Lavender – Saturday 15th June, 2024

The rain comes down in windy blasts, smashing on the clear plastic sheeting over our covered area where we are sheltering. We shiver and draw inwards, the shelter as yet has no sides and the rain is blowing in. Such a rush of rain, surely couldn’t last. If it did, we’d be in trouble, set for a flood, but five minutes later the sky is clearing and the rain has stopped. I take a look round at our water butts. One that had been near empty is full and spilling over into its neighbour. Earlier this week, I’d been thinking, if this dry weather keeps up, we’ll need to use the hose. But we have had on and off rain, like an old style British summer.

Where have all the tadpoles gone? Just a week ago there were hundreds and now there are just a few. I doubt it is predation. There are no big predators, like fish, in the pond. We haven’t seen any tadpoles with legs, so it’s not possible that those hundreds have developed legs and lungs in the last seven days and left the pond. Which leaves two possibilities, the first is shortage of oxygen, but the pond is full of aerating plants and rain brings aerated water too. The second is disease. Disease can kill very quickly, culling high numbers in days, as is the case. To my mind, disease is the likely cause. I can’t think of anything else.

Our pond is big as garden ponds go, but not so big that it can disperse pathogens, like a large lake or a stream. One must be philosophical about this cull, if disease is the culprit. Tadpoles die in huge numbers anyway. They are a fleeting phenomenon; ten thousand eggs result in perhaps ten mature adults returning in three years time. To get rid of any disease, we’d have to empty the pond, then disinfect it and the plants; something we are not going to do.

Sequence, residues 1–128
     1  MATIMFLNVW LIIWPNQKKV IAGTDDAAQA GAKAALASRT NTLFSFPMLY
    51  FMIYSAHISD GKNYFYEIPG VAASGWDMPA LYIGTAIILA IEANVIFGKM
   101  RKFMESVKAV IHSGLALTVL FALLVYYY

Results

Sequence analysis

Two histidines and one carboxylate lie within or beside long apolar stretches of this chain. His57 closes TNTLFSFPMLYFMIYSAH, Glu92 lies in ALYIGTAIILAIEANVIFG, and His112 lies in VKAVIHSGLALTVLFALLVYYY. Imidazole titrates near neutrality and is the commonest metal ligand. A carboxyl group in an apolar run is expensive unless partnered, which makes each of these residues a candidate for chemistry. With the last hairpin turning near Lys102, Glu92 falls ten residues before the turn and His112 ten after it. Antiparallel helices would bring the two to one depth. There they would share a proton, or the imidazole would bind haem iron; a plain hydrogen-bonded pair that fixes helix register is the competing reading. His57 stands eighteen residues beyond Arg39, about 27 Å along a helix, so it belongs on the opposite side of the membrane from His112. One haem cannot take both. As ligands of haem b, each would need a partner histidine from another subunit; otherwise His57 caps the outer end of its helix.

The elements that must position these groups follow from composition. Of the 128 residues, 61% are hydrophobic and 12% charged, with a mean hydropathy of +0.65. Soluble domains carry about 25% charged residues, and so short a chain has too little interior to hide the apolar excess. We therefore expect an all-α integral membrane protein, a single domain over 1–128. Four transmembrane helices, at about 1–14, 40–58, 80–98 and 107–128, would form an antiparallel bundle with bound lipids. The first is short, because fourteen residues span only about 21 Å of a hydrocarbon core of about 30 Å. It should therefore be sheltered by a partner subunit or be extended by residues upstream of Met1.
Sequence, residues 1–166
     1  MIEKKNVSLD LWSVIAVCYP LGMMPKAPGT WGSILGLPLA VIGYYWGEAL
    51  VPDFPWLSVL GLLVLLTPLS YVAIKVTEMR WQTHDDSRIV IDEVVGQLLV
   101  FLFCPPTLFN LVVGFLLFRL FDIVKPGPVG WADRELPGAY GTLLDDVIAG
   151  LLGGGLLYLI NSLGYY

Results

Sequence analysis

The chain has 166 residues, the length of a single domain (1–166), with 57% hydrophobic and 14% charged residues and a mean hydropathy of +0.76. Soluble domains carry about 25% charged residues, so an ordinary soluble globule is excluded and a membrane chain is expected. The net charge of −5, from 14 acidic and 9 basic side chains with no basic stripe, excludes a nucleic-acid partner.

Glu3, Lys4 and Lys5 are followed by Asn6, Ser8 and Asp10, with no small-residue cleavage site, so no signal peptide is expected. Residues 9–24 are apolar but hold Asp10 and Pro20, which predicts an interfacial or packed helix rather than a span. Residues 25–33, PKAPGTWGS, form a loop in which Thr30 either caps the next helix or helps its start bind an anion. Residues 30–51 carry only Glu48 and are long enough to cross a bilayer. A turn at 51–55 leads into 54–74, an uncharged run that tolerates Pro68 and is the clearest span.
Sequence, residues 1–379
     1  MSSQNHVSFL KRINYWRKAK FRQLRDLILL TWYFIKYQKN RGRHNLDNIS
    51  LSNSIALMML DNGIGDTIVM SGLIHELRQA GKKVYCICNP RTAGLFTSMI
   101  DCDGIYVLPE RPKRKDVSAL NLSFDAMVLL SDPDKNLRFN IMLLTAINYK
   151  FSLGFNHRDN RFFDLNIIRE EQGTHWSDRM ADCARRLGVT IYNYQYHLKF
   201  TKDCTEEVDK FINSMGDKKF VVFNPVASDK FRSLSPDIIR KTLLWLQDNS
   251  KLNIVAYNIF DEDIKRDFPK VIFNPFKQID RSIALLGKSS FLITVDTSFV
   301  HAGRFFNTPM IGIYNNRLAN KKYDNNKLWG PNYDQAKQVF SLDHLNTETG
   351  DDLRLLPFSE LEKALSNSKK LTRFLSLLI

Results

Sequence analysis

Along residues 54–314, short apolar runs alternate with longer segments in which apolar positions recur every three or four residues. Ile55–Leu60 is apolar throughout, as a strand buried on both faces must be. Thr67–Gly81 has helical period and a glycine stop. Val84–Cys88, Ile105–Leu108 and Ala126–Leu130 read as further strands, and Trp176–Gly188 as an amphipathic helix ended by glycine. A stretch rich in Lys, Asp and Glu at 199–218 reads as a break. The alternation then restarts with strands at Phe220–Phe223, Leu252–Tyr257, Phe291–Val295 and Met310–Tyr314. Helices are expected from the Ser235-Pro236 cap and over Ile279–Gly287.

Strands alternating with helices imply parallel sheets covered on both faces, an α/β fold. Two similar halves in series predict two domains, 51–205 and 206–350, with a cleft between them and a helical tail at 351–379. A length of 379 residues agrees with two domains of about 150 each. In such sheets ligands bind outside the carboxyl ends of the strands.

The irises in the pond need thinning out. A job for the winter. They so easily take over small ponds. The one in Forest Lane Park is almost squeezed out by vegetation.

There are fewer insects this year. The beehives have gone from the house next door the community garden, so that’s one source lost. Before the flats were built next to us, there was a large, very weedy, open space, a large habitat for insects. A habitat loss, we hardly noticed. In the garden, I note bumble bees, hover flies, and other small flies, fewer though, but hardly any ladybirds, butterflies nor many aphids.

Bugs Matter Citizen survey for 2023, recently published, shows of 78% decrease in insect splatter on car numbers plates, from 2004 to 2023. This takes results from 26,500 journeys. Considering this report, Andrew Whitehouse of Buglife says, ‘Human activities continue to have a huge impact on nature – habitat loss and damage, pesticide use, pollution, and climate change all contribute to the decline in insects.’

Many insects are pollinators which most of our food crops need, other than those that are wind pollinated like cereals. Insects such as aphids are destructive to crops, but killing these is also killing beneficial insects. We are not going organic in big numbers anytime soon, so the killing will go on but we need pesticides that are not harmful to pollinators, like bees, and to encourage more planet friendly farm practises.

Tomorrow, Misty will begin her series of ukulele lessons in the garden. She has bought 20 instruments, so you don’t need your own instrument to have a go. Let’s have music in the garden. And maybe a ukulele band will feature at the 2025 Forest Gate Festival. 

The acanthus (aka bears britches) are just flowering. They have tall spikes of white flowers poking out of green pockets. I pass the lavender and am halted by its perfume and the blue/purple colour.

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